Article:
Cable Sets Business Sights Higher
Despite the Great Recession, cable operators are still making notable strides on the business services front. Over the past year, all five of the biggest MSOs in the U.S. have notched sizable gains in commercial services revenue even as their overall revenue growth has flattened out.
In the third quarter, for instance, Time Warner Cable Inc. (NYSE: TWC) reported its commercial services revenue climbed to $236 million, up 15 percent from the year-ago period – nearly four times the increase in its residential and overall revenue. Although TWC's commercial unit accounted for a mere 5 percent of its total revenue in the quarter, business services generated 19 percent of the company's total revenue growth.
Similarly, Comcast Corp. (Nasdaq: CMCSA, CMCSK) reported that its commercial service revenue surged to $216 million in the third quarter, up an impressive 49 percent from the year-ago period. In contrast, the giant MSO's overall revenue edged up a mere 3 percent.
What's more, Cox Communications Inc. said it remains on track to hit $1 billion in commercial services revenue this year, which would make it the first MSO to do so. Privately owned Cox took in an estimated $853 million in business services revenue last year, up 16 percent from its commercial haul in 2007.
Even Charter Communications Inc. , typically the laggard among the five largest MSOs, recorded a healthy commercial revenue increase in the third quarter. Charter reported that its business services unit generated $113 million in the summer quarter, up 13 percent from a year earlier, as it rolled out more voice products and more customers opted for its multi-product bundles.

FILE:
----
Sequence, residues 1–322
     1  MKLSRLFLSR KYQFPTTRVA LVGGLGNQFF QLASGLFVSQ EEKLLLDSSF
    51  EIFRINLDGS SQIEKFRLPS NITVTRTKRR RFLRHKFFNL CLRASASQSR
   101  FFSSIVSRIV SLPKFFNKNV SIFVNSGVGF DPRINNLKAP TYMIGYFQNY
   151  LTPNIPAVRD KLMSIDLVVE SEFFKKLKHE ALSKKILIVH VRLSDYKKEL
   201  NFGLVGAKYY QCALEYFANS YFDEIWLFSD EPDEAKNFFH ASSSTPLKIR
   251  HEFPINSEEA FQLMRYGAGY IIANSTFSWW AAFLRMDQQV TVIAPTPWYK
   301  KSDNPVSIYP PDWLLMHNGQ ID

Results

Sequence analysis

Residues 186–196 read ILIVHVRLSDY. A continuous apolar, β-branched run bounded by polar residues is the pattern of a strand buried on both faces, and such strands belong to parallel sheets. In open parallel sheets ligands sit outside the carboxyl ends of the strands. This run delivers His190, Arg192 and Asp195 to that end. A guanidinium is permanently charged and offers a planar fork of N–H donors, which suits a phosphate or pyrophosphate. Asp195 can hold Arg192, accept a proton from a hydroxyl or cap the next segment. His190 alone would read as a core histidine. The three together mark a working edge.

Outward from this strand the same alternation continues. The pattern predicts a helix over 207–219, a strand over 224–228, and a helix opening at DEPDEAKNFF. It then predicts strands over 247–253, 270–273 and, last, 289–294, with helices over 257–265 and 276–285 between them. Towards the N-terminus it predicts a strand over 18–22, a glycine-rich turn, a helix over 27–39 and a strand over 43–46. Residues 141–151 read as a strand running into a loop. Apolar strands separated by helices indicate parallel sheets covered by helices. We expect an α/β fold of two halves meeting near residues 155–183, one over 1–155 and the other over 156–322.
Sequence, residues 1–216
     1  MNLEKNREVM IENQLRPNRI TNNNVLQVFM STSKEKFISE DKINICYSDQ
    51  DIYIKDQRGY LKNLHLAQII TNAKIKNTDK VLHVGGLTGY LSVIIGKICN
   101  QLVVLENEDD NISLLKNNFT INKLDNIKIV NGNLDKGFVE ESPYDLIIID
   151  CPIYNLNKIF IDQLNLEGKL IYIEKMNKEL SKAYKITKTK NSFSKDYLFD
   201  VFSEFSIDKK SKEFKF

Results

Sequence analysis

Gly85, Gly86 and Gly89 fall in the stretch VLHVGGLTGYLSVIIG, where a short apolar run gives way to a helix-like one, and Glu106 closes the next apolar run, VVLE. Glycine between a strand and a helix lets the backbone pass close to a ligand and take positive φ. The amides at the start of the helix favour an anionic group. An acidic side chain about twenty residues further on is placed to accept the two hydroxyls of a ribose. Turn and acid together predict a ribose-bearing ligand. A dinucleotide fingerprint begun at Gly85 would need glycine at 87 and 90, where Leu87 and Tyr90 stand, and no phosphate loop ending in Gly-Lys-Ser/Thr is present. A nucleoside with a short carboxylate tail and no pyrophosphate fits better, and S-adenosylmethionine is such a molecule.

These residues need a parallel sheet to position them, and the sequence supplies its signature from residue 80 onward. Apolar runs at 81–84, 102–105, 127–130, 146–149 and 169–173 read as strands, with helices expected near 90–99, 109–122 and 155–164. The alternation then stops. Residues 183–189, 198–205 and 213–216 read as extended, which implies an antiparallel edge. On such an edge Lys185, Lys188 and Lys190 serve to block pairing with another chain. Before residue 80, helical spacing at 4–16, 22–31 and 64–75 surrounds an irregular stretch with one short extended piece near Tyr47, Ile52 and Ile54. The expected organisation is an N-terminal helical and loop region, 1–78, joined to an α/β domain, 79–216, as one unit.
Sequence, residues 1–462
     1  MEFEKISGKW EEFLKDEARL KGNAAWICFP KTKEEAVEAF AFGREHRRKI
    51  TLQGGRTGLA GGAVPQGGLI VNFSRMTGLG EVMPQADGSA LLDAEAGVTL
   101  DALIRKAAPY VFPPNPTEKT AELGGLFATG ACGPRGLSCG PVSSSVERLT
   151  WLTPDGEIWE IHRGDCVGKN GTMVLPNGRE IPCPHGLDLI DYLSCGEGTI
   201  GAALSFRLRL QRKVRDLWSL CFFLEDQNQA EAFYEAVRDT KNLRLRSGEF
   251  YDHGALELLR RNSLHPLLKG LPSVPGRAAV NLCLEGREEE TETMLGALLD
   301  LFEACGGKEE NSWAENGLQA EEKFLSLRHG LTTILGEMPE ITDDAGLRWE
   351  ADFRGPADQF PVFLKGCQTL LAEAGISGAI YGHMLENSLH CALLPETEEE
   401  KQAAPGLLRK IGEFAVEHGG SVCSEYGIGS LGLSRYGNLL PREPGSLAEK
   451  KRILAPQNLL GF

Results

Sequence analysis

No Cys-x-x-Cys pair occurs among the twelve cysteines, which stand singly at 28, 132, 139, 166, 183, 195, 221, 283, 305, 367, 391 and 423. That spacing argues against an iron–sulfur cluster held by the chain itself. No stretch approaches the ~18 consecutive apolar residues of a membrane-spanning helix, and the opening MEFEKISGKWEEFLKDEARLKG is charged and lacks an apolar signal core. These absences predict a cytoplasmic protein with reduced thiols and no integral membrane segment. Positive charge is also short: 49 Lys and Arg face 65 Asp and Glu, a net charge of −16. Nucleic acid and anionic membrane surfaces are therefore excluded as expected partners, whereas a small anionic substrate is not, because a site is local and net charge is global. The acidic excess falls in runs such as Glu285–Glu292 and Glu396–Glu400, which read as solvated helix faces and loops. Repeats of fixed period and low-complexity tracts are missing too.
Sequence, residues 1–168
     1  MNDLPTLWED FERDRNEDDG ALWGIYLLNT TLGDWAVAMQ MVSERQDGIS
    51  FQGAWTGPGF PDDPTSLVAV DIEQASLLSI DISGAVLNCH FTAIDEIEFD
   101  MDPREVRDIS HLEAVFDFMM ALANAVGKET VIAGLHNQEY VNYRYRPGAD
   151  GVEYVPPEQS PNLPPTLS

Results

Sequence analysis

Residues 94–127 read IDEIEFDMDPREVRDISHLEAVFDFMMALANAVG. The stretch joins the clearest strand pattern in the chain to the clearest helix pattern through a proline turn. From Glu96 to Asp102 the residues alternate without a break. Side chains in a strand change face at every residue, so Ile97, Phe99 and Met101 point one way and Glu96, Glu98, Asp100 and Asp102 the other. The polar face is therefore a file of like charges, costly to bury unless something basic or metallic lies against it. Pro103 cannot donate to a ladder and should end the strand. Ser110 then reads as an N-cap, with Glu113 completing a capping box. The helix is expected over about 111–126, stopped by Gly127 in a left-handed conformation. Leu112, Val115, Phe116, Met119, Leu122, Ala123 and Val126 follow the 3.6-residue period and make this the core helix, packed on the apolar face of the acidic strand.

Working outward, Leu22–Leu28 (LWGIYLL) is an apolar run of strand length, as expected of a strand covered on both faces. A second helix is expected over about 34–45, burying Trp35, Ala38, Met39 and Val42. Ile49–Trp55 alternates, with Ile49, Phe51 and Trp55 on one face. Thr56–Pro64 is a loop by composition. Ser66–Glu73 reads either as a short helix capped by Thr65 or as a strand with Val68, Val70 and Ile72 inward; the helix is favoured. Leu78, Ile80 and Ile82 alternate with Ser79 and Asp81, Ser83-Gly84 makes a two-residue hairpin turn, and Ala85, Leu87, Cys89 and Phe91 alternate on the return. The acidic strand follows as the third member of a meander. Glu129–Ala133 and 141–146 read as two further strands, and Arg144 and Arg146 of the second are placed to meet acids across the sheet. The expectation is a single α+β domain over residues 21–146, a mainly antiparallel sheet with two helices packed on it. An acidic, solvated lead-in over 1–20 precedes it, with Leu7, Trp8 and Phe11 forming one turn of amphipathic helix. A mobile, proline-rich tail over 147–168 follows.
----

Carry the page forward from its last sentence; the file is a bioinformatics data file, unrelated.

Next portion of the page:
The big question now is whether cable can continue to make such great strides as the economy improves and the incumbent telcos start to fight back. As we'll discuss at this week's The Future of Cable Business Services event in New York, cable operators aim to maintain their momentum by rolling out more advanced phone and Ethernet services, expanding further into the cellular backhaul market, installing more fiber links to commercial customers, and introducing targeted business video services, among other things.
In addition, cable operators are generally setting their business sights higher, pursuing firms that are larger than the neighborhood pizza shops, dry cleaners, restaurants, law firms, medical offices, and other small, family-owned retail and service establishments that they've wooed up till now. For example, Comcast is now expanding its sales efforts to companies with 20 to 250 employees, after initially focusing on smaller firms. The nation's largest MSO estimates that these larger companies represent a fresh $10 billion to $15 billion market opportunity.
As a result, cable operators are still boosting their capital spending on plant and equipment upgrades for commercial customers, even as they're slashing their overall capital budgets. Over the first nine months of the year, for instance, Time Warner Cable hiked its commercial capex by a whopping 60 percent, while cutting its much larger residential capital budget by 16 percent.
Will these strategies succeed? Can cable become a strong contender for the telecom budgets of midsized and larger firms? Or will the industry's commercial services market share – still no more than a measly 3 percent – plateau at that low level as Verizon Communications Inc. (NYSE: VZ), AT&T Inc. (NYSE: T), Qwest Communications International Inc. (NYSE: Q), and the other telcos wake up to the budding cable challenge?
We will be addressing these questions and many more at our third annual The Future of Cable Business Services event. So, if you can make it to New York, join us at the Westin Times Square Hotel on Thursday. If not, then tune in for the live keynote presentation and roundtable discussion that will be Webcast on Thursday afternoon. Hope to see you there!
— Alan Breznick, Senior Analyst, Heavy Reading